On April 2, 2008, actress, model, and former Playboy Playmate Jenny McCarthy appeared on Larry King Live and declared to the world that vaccines had caused her son, Evan’s, autism. Almost instantly she became the public face of the anti-vaccination movement; a movement that has brought ridicule, scorn, and even calls for civil and criminal liability.
That the anti-vaccination movement is at least partially responsible for the current measles outbreak is beyond dispute. Measles, considered all but eradicated in the United States as recently as 2000, according to Think Progress, was making a resurgence prior to the 2014-2015 outbreak, thanks to growing number of parents choosing not to vaccinate their children.
However, oppositions to vaccines is neither new, nor limited to fans of Jenny McCarthy. In fact, according to History of Vaccines, opposition to vaccinations in humans goes back at least to the early 1800s.
The Early 1800s – The Beginnings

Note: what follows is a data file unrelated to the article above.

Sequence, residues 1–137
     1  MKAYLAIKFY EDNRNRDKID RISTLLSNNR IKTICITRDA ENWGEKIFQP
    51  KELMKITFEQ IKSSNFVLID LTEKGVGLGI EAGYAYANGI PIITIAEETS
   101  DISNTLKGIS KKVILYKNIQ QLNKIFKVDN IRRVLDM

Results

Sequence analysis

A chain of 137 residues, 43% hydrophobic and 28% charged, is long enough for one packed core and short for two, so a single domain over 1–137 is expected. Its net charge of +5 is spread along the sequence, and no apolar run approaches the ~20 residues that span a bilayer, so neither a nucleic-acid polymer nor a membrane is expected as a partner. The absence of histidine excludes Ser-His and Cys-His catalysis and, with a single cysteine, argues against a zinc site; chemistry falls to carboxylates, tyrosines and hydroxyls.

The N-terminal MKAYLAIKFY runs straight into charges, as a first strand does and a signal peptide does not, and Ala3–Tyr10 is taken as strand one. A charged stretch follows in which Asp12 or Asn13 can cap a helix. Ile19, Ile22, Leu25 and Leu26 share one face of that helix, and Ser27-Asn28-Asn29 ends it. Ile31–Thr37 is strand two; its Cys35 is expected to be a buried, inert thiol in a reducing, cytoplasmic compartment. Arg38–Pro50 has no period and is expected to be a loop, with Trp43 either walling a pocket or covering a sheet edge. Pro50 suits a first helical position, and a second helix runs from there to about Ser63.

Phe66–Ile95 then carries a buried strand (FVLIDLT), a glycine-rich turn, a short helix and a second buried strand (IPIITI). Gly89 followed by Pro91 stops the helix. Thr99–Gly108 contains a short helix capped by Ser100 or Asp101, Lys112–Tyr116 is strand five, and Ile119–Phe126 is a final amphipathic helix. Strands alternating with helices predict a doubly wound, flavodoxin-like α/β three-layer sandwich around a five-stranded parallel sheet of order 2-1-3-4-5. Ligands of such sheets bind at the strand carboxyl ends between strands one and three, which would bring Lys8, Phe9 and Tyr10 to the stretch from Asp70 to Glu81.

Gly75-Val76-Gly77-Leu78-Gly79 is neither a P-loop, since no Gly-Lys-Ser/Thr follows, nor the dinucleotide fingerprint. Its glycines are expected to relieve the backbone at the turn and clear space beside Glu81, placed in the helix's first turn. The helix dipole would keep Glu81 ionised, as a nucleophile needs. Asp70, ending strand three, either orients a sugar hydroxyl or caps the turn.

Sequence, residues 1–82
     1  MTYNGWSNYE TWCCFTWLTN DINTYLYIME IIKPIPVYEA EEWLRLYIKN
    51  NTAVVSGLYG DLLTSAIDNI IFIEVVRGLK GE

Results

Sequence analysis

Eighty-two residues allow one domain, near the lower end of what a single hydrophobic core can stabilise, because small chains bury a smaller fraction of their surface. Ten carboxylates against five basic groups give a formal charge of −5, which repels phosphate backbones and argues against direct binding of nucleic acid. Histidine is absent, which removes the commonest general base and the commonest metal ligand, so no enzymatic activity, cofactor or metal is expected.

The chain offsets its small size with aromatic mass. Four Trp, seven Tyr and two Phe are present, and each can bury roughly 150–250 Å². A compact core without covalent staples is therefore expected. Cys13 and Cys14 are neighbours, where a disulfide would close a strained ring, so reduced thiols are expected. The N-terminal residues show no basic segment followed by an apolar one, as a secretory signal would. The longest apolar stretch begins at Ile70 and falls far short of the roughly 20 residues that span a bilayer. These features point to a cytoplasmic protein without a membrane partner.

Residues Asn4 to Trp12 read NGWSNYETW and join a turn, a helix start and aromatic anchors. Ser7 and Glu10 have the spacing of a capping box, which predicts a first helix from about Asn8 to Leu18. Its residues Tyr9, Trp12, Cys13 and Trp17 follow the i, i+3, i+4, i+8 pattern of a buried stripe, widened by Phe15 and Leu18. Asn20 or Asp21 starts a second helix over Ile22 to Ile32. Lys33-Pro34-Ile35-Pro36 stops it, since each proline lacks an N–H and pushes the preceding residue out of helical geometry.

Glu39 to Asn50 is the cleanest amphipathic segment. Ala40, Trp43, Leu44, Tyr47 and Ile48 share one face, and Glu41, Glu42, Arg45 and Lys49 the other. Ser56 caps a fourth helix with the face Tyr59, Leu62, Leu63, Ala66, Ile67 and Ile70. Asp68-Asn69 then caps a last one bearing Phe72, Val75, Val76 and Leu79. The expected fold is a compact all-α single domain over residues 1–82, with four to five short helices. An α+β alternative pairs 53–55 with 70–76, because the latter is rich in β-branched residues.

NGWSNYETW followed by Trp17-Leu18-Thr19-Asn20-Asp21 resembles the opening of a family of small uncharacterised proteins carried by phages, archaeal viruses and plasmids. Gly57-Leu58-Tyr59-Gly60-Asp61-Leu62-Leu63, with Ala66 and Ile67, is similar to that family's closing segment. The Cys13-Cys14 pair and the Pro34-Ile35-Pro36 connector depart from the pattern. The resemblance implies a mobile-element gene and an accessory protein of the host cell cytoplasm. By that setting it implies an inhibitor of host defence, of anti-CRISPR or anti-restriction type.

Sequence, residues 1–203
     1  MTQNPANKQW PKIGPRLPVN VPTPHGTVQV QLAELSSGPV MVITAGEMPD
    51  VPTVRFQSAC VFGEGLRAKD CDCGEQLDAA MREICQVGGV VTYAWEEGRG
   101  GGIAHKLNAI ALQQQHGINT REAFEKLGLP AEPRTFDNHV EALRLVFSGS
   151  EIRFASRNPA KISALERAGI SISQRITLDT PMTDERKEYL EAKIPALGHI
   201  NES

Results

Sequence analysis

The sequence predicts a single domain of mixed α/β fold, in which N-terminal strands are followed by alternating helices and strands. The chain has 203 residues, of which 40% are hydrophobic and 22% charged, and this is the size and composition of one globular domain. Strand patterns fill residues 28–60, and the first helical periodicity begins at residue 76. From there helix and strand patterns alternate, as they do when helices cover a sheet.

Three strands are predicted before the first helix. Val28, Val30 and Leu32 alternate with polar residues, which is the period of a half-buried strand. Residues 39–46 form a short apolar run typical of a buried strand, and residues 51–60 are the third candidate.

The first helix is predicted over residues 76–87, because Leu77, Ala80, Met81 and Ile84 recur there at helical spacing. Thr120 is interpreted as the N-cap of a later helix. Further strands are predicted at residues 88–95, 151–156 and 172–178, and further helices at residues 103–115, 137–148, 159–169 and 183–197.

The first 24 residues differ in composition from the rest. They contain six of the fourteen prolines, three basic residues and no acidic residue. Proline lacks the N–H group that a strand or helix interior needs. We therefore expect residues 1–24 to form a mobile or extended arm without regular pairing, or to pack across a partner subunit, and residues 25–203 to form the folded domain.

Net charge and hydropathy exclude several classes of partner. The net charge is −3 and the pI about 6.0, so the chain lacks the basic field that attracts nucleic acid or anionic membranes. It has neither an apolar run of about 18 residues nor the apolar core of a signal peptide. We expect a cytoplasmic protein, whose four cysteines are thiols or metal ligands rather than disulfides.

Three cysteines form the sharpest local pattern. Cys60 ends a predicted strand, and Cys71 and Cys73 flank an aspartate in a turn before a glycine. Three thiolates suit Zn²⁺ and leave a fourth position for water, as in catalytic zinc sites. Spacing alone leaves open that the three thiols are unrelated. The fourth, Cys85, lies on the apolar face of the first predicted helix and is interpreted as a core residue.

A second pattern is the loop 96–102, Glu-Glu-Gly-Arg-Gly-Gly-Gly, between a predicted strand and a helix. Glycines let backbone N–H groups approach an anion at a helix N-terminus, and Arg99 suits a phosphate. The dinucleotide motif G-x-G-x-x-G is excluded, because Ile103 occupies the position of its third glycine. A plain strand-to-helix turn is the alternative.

Once pioneering English physician Dr. Edward Jenner worked out the relationship between cowpox (a cattle disease) and smallpox (a fatal disease in humans), he began inoculating humans with cowpox in order to protect them against smallpox, he became the first physician to understand and proliferate vaccinations, according to The Jenner Museum.
Almost immediately, according to History of Vaccines, opposition to Jenner’s methods sprang up in the English populace.
“For some parents, the smallpox vaccination itself induced fear and protest. It included scoring the flesh on a child’s arm, and inserting lymph from the blister of a person who had been vaccinated about a week earlier. Some objectors, including the local clergy, believed that the vaccine was “unchristian” because it came from an animal. For other anti-vaccinators, their discontent with the smallpox vaccine reflected their general distrust in medicine and in Jenner’s ideas about disease spread.”